Attempting to include all phases of the discovery, westward movement, and settlement of the Americas, the Ayer collection has an abundance of materials regarding the history of the aboriginal peoples under the jurisdiction of the US in the Philippine Islands and Hawaii.
When word came of Admiral Dewey’s victory in Manila Bay in 1898, Ayer understood the United States’ new role in the Far East, and expanded the scope of his collection westward.
In the range of its holdings, the depth of its coverage, and the presence of some very unusual items, the Newberry’s Philippine collection provides a wealth of materials with which to explore both Philippine and American history. The collection is particularly strong in these areas:
- Late Spanish Period: The Newberry has a large number of manuscripts and publications from the Spanish period in the Philippines, in particular chronicles from the seventeenth and eighteenth centuries. There is also a great deal of material on the nineteenth century relationship between Spain and the Philippines.
- Filipino Nationalism and Revolution: The Newberry also contains important material treating the origins of Filipino nationalism (for instance, the José Rizal papers). Likewise, materials documenting the Philippine Revolution against Spain are held in abundance.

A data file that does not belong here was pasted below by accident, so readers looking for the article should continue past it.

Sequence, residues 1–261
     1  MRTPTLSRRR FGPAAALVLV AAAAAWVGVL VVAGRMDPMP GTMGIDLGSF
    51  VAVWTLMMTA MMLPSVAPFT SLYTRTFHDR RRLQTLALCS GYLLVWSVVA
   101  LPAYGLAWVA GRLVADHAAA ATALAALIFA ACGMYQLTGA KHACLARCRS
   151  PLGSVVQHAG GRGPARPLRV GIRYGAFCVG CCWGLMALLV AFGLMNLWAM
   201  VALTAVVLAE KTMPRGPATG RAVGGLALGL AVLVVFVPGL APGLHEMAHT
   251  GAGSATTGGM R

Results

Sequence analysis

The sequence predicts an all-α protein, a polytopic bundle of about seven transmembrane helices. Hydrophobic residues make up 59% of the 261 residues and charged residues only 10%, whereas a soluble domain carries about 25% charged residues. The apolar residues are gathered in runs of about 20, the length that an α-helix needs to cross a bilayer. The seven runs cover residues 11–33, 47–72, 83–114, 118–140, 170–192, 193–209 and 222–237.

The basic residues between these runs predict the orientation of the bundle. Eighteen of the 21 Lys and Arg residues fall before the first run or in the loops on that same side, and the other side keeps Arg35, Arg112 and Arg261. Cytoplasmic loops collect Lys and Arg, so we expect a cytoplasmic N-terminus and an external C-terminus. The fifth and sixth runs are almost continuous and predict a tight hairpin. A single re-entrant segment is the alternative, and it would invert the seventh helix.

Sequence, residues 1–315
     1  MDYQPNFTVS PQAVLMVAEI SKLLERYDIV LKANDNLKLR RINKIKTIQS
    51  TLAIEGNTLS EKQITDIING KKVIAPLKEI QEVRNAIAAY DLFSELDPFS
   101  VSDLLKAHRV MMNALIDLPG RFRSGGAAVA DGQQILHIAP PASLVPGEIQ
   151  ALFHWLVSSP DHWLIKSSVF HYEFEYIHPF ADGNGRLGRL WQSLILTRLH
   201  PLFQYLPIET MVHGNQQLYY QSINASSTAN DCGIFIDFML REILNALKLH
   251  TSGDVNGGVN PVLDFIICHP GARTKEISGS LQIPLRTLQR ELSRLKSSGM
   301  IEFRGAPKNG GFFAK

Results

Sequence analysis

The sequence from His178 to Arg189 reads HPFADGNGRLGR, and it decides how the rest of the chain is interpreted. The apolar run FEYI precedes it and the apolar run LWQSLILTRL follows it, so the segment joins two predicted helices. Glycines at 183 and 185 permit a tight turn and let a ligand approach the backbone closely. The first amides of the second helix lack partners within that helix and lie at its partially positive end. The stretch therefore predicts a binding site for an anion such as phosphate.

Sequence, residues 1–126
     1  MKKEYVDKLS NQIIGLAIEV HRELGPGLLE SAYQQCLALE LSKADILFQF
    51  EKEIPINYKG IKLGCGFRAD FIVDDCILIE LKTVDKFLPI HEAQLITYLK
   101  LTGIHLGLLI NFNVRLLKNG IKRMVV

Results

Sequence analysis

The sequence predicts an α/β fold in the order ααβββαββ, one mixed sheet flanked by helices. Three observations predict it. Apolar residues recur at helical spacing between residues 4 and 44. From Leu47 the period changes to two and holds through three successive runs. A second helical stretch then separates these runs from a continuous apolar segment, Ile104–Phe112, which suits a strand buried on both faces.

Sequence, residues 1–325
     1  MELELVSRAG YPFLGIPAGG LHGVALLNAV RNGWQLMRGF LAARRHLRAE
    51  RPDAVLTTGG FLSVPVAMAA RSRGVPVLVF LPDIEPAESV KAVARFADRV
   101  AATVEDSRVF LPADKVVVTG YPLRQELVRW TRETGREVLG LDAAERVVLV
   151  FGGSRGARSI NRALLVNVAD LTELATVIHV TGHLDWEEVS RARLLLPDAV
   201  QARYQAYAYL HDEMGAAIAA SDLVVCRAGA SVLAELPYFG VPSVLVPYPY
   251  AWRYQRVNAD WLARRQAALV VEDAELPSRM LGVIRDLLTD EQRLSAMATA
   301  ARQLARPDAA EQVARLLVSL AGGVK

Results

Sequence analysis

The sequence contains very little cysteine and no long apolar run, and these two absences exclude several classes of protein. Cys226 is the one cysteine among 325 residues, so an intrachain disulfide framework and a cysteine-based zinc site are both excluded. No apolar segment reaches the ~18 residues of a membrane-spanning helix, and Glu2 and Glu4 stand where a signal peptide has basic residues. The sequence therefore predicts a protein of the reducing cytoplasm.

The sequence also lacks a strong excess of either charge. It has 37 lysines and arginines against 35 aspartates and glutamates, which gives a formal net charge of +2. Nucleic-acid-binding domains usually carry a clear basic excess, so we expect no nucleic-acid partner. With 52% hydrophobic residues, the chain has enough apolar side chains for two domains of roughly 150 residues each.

- Philippine-American War and US Government: The collection is rich in materials that emerged from what was commonly referred to as the “Philippine insurrection.” The vast majority of printed source materials on the colonial government in the Philippines take the form of reports, bulletins, and circulars from American Civil Government.
- Over 8,000 ethnological photographs.
- Philippine linguistics.
- Travel literature and maps of the Islands.
Other notable strengths of the collection are works on Filipino immigrants to the United States and political commentaries from the 1920s and 1930s over the pace of independence.
The Hawaiian material within the Ayer collection concerns the history of the missionary period and the ethnology and linguistics of the native peoples.
See John Phelan’s 1955 article in the Newberry Bulletin for more information about the Newberry’s Philippine Collection.
Call our reference desk at (312) 255-3506 with questions on our holdings, or contact a librarian with research questions.